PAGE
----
It’s not news that the method of buying games has changed over the last several years. XBLA jumpstarted the digital download market on consoles while Steam started giving the idea legitimacy around the same time. Digital distribution had been around long before then, of course, but it wasn’t until the one-two punch of Steam/XBLA that buying buying games you didn’t physically own began to get popularly accepted. Now it’s 2014, everyone has broadband, and MS still hasn’t given up on the idea of a disc drive-less Xbox One. Digital distribution is the new normal, but it’s worth remembering what’s being lost in the transition while also appreciating the advantages of each.
Like many gamers, I’ve got shelves packed tight with jewel cases, cardboard boxes, DVD cases, and a number of loose cartridges. They’re not too big individually but together they take up a ton of space and are a giant pain in the ass when moving. Some sell for next to nothing and others command an impressive price, but the thing they all have in common is they’re mine. Legally there’s a EULA saying I’ve licensed the use of the software and the only thing I actually own is the media container and any box or instructions included, but let’s be real here. In 10 years time if I decide I want to pop out Chulip, Drill Dozer, Patapon, Chibi Robo, or whatever else is taking up all this space, it will be there for me. PS2 Rez is forever, but the XBLA version on 360? What I paid for was the gaming experience for as long as Microsoft is willing to keep it alive. That’s probably going to be a good several years to come, but it’s not forever.
Honestly, most games don’t need to last forever. Call of Duty is nice this year, dead next year. My time in gaming retail taught me that last year’s sports games are only good when parents want to keep their kids happy for under $10. There’s a lot of disposable entertainment out there, and it doesn’t need to be carried around in ever-growing collections of generic product. Owning every book, DVD, or game you ever experience is a great way to get a starring role on an episode of Hoarders. Watching the game industry evolve into being primarily a digital distribution industry isn’t the solution, though.
The arguments against digital are well known- DRM and online requirements, unpredictable lifespan (anyone want to buy Deadpool?), etc. Some companies handle the challenge well ( Steam, GOG, Sony) while others kinda suck at it (Nintendo). On the plus side, digital distribution is a huge advantage for small developers, allowing for games that just don’t have the market for a physical release and freeing them from the requirement of managing inventory while still giving access to a potentially huge fan base . It even allows for quick and painless updating when necessary, including brand-new content that vastly expands the game (Don’t Starve, Minecraft). However…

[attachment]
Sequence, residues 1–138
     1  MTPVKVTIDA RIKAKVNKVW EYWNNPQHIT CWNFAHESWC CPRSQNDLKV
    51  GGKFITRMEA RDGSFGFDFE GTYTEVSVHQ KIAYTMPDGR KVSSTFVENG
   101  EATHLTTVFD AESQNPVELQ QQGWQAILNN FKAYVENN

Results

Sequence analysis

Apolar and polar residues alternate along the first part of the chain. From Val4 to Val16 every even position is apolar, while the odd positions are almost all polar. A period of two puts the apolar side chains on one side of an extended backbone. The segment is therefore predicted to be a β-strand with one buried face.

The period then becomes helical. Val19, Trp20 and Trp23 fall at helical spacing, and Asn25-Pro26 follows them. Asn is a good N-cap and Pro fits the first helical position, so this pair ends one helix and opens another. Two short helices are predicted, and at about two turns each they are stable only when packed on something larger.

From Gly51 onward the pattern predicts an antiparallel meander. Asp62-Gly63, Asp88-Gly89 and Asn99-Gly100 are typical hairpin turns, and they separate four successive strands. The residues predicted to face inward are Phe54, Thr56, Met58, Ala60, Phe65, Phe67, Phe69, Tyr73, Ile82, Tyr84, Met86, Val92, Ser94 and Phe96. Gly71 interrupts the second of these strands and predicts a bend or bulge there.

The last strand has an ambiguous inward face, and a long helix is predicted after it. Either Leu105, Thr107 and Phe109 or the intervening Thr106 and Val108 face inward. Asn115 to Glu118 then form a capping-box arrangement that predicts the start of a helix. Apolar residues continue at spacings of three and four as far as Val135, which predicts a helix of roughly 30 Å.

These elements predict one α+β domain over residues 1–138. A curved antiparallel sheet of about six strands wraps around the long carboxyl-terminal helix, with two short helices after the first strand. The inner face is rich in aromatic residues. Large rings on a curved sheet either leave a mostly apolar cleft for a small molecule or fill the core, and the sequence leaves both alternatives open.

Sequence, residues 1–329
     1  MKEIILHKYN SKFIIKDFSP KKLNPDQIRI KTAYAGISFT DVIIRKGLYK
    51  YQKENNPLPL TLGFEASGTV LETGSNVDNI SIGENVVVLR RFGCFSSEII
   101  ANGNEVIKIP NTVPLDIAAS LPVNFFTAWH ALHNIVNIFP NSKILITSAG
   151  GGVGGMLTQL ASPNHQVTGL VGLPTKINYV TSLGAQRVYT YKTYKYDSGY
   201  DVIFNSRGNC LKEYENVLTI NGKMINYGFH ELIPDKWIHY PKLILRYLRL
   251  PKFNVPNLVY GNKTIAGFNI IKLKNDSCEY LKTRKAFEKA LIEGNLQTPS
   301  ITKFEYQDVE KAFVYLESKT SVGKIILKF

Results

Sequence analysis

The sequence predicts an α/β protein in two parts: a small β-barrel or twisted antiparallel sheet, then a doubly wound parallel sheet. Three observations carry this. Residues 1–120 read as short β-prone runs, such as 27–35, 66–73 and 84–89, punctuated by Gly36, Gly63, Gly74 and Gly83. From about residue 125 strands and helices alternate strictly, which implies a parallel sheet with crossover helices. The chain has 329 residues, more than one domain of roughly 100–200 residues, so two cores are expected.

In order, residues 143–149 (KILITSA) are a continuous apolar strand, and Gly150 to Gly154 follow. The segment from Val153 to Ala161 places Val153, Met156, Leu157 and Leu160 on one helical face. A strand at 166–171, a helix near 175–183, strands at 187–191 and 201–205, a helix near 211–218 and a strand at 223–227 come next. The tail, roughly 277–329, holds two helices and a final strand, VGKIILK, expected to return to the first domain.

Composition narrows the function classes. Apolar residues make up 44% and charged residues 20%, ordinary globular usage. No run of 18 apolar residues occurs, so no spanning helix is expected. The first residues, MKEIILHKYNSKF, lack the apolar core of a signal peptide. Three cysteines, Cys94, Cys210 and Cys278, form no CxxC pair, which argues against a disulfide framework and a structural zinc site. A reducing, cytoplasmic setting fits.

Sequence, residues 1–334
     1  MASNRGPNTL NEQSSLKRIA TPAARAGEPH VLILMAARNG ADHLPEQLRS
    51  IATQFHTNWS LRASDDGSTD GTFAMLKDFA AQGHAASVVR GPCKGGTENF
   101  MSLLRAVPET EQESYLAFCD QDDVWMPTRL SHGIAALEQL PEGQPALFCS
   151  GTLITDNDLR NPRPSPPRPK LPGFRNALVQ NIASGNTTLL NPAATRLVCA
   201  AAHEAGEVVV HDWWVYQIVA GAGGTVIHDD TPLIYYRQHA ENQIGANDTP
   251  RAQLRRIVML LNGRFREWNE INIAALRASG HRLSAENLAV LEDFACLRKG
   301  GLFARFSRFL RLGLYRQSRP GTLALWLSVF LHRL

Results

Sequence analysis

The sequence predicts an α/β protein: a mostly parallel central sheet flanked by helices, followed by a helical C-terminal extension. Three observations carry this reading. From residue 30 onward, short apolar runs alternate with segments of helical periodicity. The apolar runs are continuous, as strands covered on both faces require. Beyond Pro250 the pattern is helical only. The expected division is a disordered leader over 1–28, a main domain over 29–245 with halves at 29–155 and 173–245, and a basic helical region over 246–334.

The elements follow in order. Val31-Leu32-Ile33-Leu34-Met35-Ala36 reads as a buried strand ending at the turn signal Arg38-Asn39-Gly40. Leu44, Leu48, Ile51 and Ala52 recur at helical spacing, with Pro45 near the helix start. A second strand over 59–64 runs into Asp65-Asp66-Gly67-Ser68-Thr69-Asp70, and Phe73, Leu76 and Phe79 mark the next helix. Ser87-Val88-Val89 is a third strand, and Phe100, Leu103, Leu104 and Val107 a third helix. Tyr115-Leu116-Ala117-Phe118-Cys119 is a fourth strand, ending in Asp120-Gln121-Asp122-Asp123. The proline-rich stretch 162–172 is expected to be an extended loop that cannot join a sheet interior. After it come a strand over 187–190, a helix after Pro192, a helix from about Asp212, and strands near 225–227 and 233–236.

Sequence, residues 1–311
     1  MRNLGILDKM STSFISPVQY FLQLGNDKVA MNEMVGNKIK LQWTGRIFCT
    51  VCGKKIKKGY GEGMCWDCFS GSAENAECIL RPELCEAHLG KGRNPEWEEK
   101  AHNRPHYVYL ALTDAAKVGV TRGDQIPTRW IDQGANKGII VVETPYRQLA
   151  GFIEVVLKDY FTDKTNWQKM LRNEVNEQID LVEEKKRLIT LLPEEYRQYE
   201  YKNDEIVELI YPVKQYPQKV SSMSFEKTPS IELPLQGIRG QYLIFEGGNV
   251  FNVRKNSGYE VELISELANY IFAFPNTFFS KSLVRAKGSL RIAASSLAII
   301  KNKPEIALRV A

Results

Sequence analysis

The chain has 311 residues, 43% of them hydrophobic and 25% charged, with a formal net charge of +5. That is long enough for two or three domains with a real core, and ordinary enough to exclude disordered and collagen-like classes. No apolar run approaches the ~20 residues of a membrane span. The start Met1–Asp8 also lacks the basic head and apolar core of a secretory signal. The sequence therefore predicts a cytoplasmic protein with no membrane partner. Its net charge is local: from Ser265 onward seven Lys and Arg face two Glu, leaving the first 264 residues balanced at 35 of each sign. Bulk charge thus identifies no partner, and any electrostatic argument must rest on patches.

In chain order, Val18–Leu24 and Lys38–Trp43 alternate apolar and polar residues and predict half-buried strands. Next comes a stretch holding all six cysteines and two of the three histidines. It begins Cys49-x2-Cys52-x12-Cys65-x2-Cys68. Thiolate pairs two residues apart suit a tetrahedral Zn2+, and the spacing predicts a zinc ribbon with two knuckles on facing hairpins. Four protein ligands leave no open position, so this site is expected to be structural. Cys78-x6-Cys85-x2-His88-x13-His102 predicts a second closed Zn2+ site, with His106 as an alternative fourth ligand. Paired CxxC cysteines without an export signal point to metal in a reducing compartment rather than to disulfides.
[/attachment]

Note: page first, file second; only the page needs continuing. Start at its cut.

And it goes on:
The Vectrex came out in 1983. It’s over 30 years old. The system is expensive as hell and the original games aren’t exactly cheap, but you can still find them. (We’ll ignore the multicarts for the sake of this discussion.) Plug a cartridge into a working system and it’ll play as good as the day it was made. The same holds true of the various Atari consoles, NES, Genesis, SNES, and all the other systems that have gone from being part of pop culture to a piece of gaming history. There will generally be workarounds to losing games to the dim, dark recesses of an ever-retreating past, but playing the original game on its intended hardware will almost always feel better. Isolated cases like Final Fantasy XII International Zodiac Edition in high resolution on emulator exist, but they’re fairly rare. There’s a difference between owning and emulating something that’s got very little to do with logic.
Other considerations about the future of the present- I love The Pinball Arcade, but the licenses only last so long. Will the PS4 disc release (without the ability to download the patches) be the only way to access the Season One tables in 2044? Will Windows 20 have a Win7 compatibility mode so TPA can be played after downloading it from a dodgy abandonware site? Then there’s games like Asura’s Wrath, which Capcom decided would be best served by having the final chapter made available as paid DLC because they were infected by a vicious combination of evil and stupid. The disc is playable as long as its taken care of, but seeing the story through to completion is going to take future-magic similar to the kind that will be needed to access on-disc DLC like that found in Beautiful Katamari. Basically, it’s a bit of a mess.
Game preservation isn’t about archiving the past, but rather keeping it accessible because it’s as fun today as it was however many years ago. You can plug Sunsoft’s Batman into an NES and play it exactly how it was meant to be played on the day of its release, or you can do the same with Super Mario 3D World on Wii U. If you bought it it’s yours, and, barring bad luck, isn’t going anywhere until you decide to get rid of it. If you’re far more attentive to detail than I am you might even back up DRM-free PC games to disc, granting them the same permanency. 90% of the time, though, a digitally distributed game is available only so long as the publisher allows it, and while that may be a very very very long time, it’s not going to be forever. There will always be emulation, modding, and piracy to share the games we bought and paid for in the past with our descendants in the future, but it would be nice if more of today’s games had a legitimate way to keep them around once their distribution method disappears.